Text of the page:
Commuters voice frustration with the wait for the R train at 59th Street

March 21, 2017 Jaime DeJesus
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Straphangers are sick of cooling their heels as they wait for the R train at 59th Street.

“(The R trains) seem overly crowded to the point where I’ve seen people opt to take the bus upstairs,” said local resident Ninoshka Garrick. “The N train seems to come more often than the R train does. When I went to the dentist around 5:15 p.m., I took the W and got off at 59th Street. I waited about 10 -15 minutes and three N trains passed on the Coney Island side. I saw three people walk off to take the bus.”

Regular commuter Jonathan S. agreed. “One of the most apparent issues is simply a lack of service. There have been several occasions where I’ve waited 15 minutes for an R train at 59th,” he said. “In the middle of the day, that rate of service is just unacceptable.”

“I don’t go a day with a smooth commute both into Manhattan and back,” added long-time Bay Ridge resident Matthew Kabel, who has been riding the train for over a decade. “Something goes wrong every day. Whenever I commute home, there’s an issue, whether it’s a lack of trains or a long wait time or overcrowding. Sometimes you’ll wait at 59th on the way home for an R train and there will be three or four express trains before that one train comes and it packs up.”

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Kabel, who says that service has gotten worse since the beginning of the new year, had one of his worst experiences last week. The platform was so crowded, he said, that when the train came, “Everybody couldn’t even get into the one set of doors. They were all running down the platform trying to get in,” he said. “I’ve never seen that. I was barely able to squish in and there were people trying to push and then they gave up and ran further down the car to get on.”

Even new riders waiting for the R are disgruntled. “I really just started riding the R train again because of jury duty,” said Kathy McDevitt-Byrne. “All I can say is I’m glad I don’t have to ride it every day to get to work. It’s always crowded. I’m lucky to get a seat when the train arrives and I have to wait 10 minutes for a train. This is crazy during rush hour.”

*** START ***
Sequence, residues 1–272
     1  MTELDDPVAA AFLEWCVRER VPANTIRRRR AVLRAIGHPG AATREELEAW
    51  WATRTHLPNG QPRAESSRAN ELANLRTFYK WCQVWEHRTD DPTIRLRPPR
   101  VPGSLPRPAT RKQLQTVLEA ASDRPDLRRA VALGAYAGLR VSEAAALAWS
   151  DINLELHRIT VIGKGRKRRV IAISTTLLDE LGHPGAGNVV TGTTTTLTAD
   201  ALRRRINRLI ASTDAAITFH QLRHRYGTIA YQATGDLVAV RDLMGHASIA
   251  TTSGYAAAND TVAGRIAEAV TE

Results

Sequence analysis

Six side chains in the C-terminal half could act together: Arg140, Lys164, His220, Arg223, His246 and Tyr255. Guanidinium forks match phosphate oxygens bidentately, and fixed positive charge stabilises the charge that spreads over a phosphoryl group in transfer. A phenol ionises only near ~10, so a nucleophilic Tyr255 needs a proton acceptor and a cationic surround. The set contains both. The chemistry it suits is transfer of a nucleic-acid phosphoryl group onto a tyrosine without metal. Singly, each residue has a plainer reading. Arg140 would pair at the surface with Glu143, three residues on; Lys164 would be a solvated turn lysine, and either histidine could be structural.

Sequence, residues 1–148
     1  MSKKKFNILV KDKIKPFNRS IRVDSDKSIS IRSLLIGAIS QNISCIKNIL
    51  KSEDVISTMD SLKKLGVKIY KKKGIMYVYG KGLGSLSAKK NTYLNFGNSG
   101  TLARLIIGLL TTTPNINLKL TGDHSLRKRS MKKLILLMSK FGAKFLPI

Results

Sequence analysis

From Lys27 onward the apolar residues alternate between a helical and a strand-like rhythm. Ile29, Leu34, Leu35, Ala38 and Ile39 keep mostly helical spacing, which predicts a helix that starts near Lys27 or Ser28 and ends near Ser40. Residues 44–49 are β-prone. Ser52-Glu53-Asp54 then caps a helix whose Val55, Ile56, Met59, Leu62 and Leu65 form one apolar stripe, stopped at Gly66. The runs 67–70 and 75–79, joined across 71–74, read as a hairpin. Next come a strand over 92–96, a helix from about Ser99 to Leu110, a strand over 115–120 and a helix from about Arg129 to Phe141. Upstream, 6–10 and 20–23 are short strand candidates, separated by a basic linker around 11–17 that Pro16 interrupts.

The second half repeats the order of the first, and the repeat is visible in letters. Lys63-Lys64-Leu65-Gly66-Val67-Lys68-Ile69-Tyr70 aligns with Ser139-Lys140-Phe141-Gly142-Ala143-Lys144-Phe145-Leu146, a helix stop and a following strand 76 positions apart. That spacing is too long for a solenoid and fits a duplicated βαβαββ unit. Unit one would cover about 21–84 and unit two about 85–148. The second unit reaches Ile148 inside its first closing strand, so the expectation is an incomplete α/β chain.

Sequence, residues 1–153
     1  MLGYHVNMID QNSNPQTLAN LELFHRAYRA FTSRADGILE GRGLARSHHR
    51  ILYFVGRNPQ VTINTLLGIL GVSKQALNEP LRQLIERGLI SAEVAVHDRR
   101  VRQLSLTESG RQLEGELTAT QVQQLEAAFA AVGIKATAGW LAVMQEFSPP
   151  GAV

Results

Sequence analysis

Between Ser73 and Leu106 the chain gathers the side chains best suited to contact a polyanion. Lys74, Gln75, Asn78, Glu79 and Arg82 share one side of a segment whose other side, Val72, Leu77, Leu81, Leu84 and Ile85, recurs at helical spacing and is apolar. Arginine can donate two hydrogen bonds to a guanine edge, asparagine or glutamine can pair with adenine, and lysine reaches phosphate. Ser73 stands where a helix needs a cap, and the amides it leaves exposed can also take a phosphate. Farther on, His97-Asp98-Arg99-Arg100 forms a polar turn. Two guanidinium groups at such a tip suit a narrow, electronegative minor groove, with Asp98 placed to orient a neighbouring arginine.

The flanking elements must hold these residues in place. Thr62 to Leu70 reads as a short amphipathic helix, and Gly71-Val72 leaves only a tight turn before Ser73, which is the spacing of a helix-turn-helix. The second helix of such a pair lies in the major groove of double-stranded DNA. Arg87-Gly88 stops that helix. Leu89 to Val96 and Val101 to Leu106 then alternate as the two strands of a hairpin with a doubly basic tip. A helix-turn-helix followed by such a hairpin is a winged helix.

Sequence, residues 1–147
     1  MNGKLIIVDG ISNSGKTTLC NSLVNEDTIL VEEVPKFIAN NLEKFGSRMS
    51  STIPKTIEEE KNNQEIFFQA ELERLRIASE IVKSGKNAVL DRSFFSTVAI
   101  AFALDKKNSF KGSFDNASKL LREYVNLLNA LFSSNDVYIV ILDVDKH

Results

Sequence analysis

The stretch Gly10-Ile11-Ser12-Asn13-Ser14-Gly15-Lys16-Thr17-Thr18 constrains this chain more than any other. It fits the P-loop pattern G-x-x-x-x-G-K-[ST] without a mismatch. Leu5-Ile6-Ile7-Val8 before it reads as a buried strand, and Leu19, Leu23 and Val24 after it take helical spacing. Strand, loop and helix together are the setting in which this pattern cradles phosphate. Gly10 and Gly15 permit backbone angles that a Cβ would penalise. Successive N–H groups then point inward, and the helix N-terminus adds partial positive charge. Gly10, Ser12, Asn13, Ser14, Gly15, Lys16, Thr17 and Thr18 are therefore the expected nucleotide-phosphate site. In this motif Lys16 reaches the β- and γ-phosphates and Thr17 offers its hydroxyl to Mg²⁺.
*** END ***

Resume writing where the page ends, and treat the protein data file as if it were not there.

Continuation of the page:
In addition, McDevitt-Byrne complained that, “The 59th Street station is filthy. The garbage pails are overflowing. I noticed the overflowing pails coming home and then the next morning.”

Transferring from a train on one platform to a train on the other platform is also frustrating for those who make the connection. “Like many people, I will take the northbound N from Coney Island intending to transfer to a Bay Ridge-bound R train,” explained Jonathan S. “However, conductors rarely seem to wait for passengers walking over from the opposite platform. I’ve run from the uptown platform to the downtown platform only to have an R train shut its doors in my face.”

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It’s long past time for the MTA to send more trains, contended 43rd Council District candidate Justin Brannan.

“It’s already hard enough for hard-working Bay Ridge families to move around this city. Between the long commutes and fare hikes, we are simply not getting the service we need,” he said. “I’m all for new and improved subway stations but having to wait 45 minutes at 59th Street to catch an R train at night is insulting. The MTA should fix what’s broken before doing anything else. The bottom line is we deserve better and it starts by their being accountable to our community.

“We live about seven miles from Manhattan and yet people who live in different states get to work faster than we do. It is absolutely absurd and we’re tired of basically being told to just deal with it. We are done being ignored by the MTA,” added Brannan.

According to term-limited City Councilmember Vincent Gentile, who Brannan is hoping to replace, even the MTA acknowledges that service on the line is deteriorating. Last April, he pointed to a survey conducted by the MTA which indicated that the line’s weekday on-time performance had diminished by 20 percent from 2015 to 2016; the weekday wait performance had gone down, according to the same survey, by six percent.

The MTA has not yet responded to a request for comment.


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